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The Mysterious Production Of Eggs

Andrew Bird
The Mysterious Production Of Eggs
(Righteous Babe)

I was a late-comer in discovering the music of Andrew Bird. Although I knew that he had released several albums (one that even included cover art by fabulous designer Chris Ware), I just never sought out his work for some reason. About two years ago, though, I found his Weather Systems album for a really cheap price in a used bin at a local record store and after listening to that release, I found myself enraptured by his unique sound. While Bird's early work seemed to fall in line slightly closer to the work of that of his former group (the Squirrel Nut Zippers), he has since taken a completely different path, creating lush indie pop music that prominently features unique instrumentation that includes his expressive whistling (yes!).

The Mysterious Production Of Eggs is a step up for Bird both in terms of overall sound and output. Running over fifty minutes, it dwarfs his concise previous album, and most of that extra time he's able to completely hold the listener. In fact, the release opens up with what may be some of the best tracks that he's ever done (some of which are among the best tracks I've heard by anyone this year). "Sovay" mixes soft rhodes piano with strummed guitar, mandolin, and sleepy vocals by Bird. "A Nervous Tic Motion Of The Head To The Left" starts with only vocals and guitar but soon leaps into a string-touched track that seems to move quickly with evocative lyrics, subtle programmed percussion, and some glorious whistling.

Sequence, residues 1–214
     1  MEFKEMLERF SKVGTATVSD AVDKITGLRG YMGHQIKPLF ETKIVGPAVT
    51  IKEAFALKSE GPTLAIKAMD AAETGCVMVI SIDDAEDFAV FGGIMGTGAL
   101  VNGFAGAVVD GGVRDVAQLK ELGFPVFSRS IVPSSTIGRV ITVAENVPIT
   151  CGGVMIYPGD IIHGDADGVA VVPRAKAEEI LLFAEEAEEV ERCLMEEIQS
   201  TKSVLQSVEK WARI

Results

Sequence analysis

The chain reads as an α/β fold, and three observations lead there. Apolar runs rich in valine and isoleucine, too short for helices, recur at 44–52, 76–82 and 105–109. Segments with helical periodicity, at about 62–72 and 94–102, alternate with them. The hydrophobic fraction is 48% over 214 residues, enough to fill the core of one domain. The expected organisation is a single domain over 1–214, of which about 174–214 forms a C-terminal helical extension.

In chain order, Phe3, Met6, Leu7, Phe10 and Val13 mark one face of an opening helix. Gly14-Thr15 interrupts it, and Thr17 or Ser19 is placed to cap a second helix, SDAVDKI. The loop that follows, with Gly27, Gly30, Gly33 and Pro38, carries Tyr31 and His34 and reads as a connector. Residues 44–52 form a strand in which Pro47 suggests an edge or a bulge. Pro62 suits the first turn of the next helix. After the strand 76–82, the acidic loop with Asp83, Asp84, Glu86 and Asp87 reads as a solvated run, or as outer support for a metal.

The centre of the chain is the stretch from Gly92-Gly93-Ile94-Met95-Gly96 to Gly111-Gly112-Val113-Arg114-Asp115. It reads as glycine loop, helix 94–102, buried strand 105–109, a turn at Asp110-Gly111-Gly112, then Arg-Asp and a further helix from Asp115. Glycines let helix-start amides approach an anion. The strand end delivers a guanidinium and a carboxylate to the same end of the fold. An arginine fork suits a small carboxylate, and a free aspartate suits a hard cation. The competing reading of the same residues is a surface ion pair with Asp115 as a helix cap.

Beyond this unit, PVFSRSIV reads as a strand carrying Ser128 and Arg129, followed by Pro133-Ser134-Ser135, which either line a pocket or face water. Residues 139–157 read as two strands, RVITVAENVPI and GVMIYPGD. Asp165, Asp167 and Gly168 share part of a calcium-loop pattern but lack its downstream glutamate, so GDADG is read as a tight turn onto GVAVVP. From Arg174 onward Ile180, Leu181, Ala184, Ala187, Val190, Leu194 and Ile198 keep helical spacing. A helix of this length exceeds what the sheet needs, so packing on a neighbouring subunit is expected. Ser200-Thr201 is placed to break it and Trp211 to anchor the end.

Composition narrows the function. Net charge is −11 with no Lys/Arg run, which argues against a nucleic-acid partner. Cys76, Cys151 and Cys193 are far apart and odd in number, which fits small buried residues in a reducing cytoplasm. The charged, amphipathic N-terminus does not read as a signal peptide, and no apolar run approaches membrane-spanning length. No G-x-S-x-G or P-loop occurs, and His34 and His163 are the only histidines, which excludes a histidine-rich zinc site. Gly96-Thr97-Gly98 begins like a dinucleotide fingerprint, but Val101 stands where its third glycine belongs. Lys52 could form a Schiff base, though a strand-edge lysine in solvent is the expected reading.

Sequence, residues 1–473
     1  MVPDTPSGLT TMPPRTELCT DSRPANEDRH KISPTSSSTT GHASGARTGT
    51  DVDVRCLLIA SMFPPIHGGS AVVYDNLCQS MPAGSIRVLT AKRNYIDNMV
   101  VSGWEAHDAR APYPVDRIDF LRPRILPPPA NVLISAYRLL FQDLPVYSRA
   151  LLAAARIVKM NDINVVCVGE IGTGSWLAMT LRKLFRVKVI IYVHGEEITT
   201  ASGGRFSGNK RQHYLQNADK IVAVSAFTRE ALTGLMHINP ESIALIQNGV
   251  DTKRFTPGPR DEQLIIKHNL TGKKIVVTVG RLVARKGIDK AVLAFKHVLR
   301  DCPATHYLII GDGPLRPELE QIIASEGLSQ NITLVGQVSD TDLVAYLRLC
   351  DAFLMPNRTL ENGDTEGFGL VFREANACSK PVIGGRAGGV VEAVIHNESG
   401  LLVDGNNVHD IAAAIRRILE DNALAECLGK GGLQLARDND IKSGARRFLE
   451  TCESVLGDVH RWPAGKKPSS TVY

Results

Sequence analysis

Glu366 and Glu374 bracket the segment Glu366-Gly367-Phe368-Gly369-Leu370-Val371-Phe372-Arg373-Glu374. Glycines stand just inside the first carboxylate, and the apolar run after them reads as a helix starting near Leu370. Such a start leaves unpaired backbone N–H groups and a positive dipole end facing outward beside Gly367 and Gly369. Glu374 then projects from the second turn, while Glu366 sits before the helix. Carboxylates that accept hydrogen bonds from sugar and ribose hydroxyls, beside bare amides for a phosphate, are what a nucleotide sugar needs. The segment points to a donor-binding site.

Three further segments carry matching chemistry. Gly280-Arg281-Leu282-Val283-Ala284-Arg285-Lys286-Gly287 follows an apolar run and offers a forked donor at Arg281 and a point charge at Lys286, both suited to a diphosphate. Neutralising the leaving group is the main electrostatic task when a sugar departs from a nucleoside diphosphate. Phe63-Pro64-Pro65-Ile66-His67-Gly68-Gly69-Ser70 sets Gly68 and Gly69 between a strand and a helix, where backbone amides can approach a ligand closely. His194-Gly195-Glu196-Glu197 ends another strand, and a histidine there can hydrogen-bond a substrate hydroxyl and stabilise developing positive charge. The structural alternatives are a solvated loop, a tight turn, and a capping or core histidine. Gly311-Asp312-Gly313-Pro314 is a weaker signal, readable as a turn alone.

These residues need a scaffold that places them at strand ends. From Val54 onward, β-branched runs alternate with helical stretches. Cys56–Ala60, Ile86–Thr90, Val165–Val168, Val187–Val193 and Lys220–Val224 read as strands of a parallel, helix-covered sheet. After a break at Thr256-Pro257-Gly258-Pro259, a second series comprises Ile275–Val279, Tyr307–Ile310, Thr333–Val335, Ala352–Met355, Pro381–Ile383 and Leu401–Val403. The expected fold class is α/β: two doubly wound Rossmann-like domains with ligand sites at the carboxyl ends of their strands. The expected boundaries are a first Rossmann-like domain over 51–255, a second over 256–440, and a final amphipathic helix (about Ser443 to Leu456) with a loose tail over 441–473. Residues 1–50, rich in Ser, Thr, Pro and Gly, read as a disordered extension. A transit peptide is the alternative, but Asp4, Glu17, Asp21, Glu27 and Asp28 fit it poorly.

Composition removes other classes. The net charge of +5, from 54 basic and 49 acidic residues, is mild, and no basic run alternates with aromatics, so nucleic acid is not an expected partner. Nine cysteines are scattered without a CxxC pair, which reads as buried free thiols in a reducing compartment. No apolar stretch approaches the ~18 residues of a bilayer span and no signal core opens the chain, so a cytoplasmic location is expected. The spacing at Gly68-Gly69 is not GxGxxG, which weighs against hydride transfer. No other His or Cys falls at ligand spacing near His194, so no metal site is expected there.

As if the previous two tracks were leading right into it, "Fake Palindromes" takes off with a gallop and rumbles forward with bursts of strings, guitars, and chimes as Bird again showcases his clever lyrics that stir up all kinds of bizarre imagery (in a particularly great moment, Bird corrects himself after he's used the wrong word in a verse. After the giddy procession of the first string of tracks on the release, things calm down a bit, but there's no lack of memorable melodies.

Although it's a minor quibble, one of those melodies (in "Skin Is, My") is repeated nearly verbatim from Weather Systems, but it's more of a sequel to that track (that admittingly builds to something more rocking. "Tables And Chairs" again strips things back to an electronic rhythm, some chimes, strings and other subtle instrumentation, yet the whole thing feels so natural that one would never guess it's quite a distance from where Bird started out on his first release. With the latter half of the album not keeping up quite the same pace as the first, the album seems to run just a smidge long, but once again it's a minor quibble. With the release, Bird seems to have really reached a stride in terms of his overall sound and the result is one of my favorite albums of the year so far.

Rating: 8